How Cutting-Edge Technology & Science Are Powering The Future TPM Idealab

WASHINGTON (AP) — At the Supreme Court, technology can be regarded as a necessary evil, and sometimes not even necessary.

When the justices have something to say to each other in writing, they never do it by email. Their courthouse didn't even have a photocopying machine until 1969, a few years after "Xerox" had become a verb.

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LAS VEGAS (AP) — Toyota said Monday that a hydrogen-powered vehicle that emits only water vapor as exhaust will go on sale in the U.S. in 2015, a year earlier than it promised just two months ago.

The Japanese automaker made the announcement Monday at the International CES, the technology industry's annual gadget show. The shift came months after rival automakers Hyundai and Honda both said they'd start selling cars with that technology in the U.S. in 2015.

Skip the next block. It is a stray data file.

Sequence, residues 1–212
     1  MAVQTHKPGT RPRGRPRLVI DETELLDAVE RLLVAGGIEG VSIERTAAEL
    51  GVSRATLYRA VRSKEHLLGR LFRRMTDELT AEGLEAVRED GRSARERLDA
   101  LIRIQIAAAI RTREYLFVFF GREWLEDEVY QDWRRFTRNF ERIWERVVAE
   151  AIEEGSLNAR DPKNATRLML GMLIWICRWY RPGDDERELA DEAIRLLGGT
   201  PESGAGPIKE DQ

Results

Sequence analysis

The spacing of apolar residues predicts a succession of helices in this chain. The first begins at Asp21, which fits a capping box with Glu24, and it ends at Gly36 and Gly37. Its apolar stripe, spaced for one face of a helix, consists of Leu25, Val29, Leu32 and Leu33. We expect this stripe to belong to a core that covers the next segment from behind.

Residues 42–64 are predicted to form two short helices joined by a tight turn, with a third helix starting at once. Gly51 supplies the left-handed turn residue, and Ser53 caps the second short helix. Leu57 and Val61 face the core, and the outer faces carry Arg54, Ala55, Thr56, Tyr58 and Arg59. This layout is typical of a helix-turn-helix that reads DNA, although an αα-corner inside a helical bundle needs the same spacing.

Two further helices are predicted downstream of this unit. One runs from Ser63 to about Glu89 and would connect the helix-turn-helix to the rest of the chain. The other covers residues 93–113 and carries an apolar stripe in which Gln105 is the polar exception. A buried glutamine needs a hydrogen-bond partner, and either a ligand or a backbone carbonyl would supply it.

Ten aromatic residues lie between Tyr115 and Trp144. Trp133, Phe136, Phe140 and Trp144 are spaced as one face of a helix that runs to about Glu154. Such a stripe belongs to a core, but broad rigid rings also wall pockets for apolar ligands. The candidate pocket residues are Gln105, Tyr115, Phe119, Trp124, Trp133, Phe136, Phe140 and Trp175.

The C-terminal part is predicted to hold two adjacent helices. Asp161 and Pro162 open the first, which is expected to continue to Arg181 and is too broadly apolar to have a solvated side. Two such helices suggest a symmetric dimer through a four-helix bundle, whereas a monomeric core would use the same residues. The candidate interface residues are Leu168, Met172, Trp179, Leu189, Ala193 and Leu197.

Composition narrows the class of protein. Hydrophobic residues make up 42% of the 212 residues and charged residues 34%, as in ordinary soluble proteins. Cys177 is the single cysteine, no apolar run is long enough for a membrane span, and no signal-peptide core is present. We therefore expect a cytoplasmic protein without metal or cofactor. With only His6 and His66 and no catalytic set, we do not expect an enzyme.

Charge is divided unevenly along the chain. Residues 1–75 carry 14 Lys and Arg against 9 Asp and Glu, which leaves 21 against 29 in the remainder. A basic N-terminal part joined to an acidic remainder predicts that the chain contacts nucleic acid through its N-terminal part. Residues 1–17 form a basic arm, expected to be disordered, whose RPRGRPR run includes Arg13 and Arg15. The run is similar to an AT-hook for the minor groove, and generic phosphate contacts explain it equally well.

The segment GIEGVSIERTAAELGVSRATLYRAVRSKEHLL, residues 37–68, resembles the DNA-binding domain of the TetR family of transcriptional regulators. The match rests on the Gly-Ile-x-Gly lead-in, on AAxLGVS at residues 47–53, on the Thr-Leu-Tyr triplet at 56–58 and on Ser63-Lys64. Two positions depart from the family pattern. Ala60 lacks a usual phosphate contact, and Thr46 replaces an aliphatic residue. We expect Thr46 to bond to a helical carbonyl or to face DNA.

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NEW YORK (AP) — Snapchat, the disappearing-message service popular with young people, has been quiet following a security breach that allowed hackers to collect the usernames and phone numbers of millions of its users.

Company spokeswoman Mary Ritti said Thursday morning that the company is assessing the situation, but did not have further comment.

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NEW YORK (AP) — The average amount of electricity consumed in U.S. homes has fallen to levels last seen more than a decade ago, back when the smartest device in people's pockets was a Palm pilot and anyone talking about a tablet was probably an archaeologist or a preacher.

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